FIGS. 12 and 13 also show one or more second grooves 30, 32 formed at, or near, opposing ends of first groove 20. Second grooves 30 and 32 may advantageously have a different cross-sectional shape than groove 20. Each second groove 30, 32 preferably is curved and extends circumferentially preferably for less than one complete revolution around segment 16 and, in some embodiments, extends for three-fourths of one revolution. As better shown in FIG. 14, each second groove 30 and 32 ends in a longitudinal groove portion 31 and 33, respectively. Each second groove 30, 32 may have a pitch of approximately from 0.65 to 0.70, a radius of curvature of approximately 0.020 inches and a depth D9 (shown in FIG. 13) of approximately 0.018 inches. Each of the longitudinal groove portions 31 and 33 may have a length D7 (FIG. 14) of approximately 0.074 inches. Further, each second groove 30, 32 begins at or near an end of the first groove 20. For example, second groove 32 begins at end 37 (FIG. 13) of first groove 20. The beginning of each second groove 30, 32 preferably is centered within first groove 20 thereby forming a continuous groove within the body segment 16. In one embodiment, each second groove 30 and 32 preferably comprises a spiral curved groove that extends for three-fourths of a revolution and the central flat-bottom groove 20 (having bottom surface 21) extends for 2.5 revolutions. Thus, the combination of the two spiral curved second grooves 30 and 32 and the central flat first groove 20 forms a groove that extends for, in a particular embodiment, four total revolutions around the body segment 16.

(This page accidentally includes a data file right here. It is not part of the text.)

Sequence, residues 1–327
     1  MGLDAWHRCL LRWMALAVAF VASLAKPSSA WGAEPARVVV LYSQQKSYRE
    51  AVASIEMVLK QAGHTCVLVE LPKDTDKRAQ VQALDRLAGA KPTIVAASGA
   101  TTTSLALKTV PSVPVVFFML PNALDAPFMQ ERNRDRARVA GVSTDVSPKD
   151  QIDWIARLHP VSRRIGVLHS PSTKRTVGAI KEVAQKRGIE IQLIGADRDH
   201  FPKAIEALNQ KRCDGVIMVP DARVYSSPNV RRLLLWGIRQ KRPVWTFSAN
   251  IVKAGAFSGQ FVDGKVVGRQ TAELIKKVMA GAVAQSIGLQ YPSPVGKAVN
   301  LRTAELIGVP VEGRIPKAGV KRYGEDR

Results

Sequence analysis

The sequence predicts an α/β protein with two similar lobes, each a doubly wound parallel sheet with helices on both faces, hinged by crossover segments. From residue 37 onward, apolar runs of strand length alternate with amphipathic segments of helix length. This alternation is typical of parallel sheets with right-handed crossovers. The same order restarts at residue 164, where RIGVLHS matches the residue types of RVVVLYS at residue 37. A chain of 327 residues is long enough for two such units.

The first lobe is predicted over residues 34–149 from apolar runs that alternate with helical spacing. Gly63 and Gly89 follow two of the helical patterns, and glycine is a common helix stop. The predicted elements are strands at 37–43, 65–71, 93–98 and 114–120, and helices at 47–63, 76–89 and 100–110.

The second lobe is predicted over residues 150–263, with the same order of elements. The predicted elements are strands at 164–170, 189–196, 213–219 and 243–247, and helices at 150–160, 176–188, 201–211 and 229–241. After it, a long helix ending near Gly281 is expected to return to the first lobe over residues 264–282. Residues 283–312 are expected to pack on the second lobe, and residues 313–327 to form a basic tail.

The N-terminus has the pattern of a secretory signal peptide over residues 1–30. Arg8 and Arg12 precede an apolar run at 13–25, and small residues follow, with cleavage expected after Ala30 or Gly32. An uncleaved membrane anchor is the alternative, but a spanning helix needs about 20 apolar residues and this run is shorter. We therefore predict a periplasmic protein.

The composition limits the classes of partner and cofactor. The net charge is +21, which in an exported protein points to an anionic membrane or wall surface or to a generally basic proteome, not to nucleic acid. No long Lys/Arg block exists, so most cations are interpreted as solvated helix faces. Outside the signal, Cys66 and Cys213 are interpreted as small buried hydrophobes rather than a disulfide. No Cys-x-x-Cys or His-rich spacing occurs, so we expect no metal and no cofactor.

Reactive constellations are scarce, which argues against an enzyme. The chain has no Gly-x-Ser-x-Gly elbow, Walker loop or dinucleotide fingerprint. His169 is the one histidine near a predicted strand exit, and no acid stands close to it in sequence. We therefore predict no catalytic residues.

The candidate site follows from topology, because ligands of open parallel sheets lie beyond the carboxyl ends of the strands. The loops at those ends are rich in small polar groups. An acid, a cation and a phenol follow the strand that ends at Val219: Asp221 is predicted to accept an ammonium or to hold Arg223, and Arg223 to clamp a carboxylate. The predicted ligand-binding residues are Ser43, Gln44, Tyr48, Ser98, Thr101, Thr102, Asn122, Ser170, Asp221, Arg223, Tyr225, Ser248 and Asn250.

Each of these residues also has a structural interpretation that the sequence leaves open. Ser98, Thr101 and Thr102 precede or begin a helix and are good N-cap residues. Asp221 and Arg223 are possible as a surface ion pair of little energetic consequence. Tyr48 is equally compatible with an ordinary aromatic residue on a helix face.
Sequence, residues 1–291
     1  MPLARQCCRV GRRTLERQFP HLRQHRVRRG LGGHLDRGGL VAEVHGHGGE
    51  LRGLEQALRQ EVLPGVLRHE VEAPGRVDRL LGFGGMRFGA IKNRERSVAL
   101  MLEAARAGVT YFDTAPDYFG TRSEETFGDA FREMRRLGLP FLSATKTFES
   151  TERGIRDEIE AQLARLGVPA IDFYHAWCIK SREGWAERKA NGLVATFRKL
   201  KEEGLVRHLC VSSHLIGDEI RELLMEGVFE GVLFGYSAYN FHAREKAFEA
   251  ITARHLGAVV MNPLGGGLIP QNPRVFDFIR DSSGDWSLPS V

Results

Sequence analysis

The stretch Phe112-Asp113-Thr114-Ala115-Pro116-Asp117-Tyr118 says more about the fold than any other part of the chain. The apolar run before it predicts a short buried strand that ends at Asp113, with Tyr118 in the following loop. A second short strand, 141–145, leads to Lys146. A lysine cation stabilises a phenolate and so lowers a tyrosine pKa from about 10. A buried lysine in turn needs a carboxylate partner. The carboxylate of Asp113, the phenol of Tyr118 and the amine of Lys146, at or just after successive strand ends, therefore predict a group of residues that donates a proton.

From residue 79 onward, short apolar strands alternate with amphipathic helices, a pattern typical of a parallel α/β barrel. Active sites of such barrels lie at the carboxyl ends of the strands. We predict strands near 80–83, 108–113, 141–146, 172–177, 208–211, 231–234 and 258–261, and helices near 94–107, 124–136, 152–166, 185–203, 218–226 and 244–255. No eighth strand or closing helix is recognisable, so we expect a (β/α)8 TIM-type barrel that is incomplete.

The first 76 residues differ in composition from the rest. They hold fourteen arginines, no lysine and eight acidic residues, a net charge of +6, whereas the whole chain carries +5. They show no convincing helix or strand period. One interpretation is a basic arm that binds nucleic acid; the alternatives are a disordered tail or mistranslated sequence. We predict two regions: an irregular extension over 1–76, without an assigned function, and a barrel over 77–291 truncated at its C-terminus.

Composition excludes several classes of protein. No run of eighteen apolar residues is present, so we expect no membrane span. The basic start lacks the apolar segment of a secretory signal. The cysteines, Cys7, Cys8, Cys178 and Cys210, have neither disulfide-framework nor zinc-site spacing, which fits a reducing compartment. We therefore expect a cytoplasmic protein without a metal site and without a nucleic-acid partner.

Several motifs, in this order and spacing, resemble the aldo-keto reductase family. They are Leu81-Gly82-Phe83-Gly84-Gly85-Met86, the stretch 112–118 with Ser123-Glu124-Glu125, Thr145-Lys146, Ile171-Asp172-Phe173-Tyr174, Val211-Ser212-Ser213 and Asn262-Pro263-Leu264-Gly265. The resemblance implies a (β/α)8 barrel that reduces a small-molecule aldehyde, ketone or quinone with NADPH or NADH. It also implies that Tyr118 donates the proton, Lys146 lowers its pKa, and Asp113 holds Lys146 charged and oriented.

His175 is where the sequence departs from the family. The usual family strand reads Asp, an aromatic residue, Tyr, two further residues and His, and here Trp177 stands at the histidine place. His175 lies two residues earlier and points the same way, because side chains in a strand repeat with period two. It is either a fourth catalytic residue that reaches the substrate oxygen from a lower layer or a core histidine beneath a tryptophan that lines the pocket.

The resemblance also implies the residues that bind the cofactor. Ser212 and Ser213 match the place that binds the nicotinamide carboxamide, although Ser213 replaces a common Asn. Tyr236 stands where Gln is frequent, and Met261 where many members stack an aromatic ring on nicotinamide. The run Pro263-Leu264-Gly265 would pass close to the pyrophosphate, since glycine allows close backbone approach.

The vacuum mandrel 10 may be used during a manufacturing process for an electrode such as the electrode 52 shown in FIG. 11. FIG. 15 shows the body segment 16 of the vacuum mandrel 10 with the lead 50 and electrode 52 disposed thereon. The electrode 52 is placed on the mandrel and wrapped around and located within at least a portion of the first groove 20. By residing in the first groove 20, the ribbon electrode covers at least one or more, and preferably all, of the vacuum ports 22. FIG. 15 also shows the lead 50 extending down the length of the segment 16. The tubing insert 120 is not shown in FIG. 15, but it should be understood that the tubing insert is included with the coil 50 and electrode 52 arrangement and thus located adjacent mandrel 10. The remaining length of the lead rests in the longitudinal lead groove 36 formed in segment 12 (FIG. 12).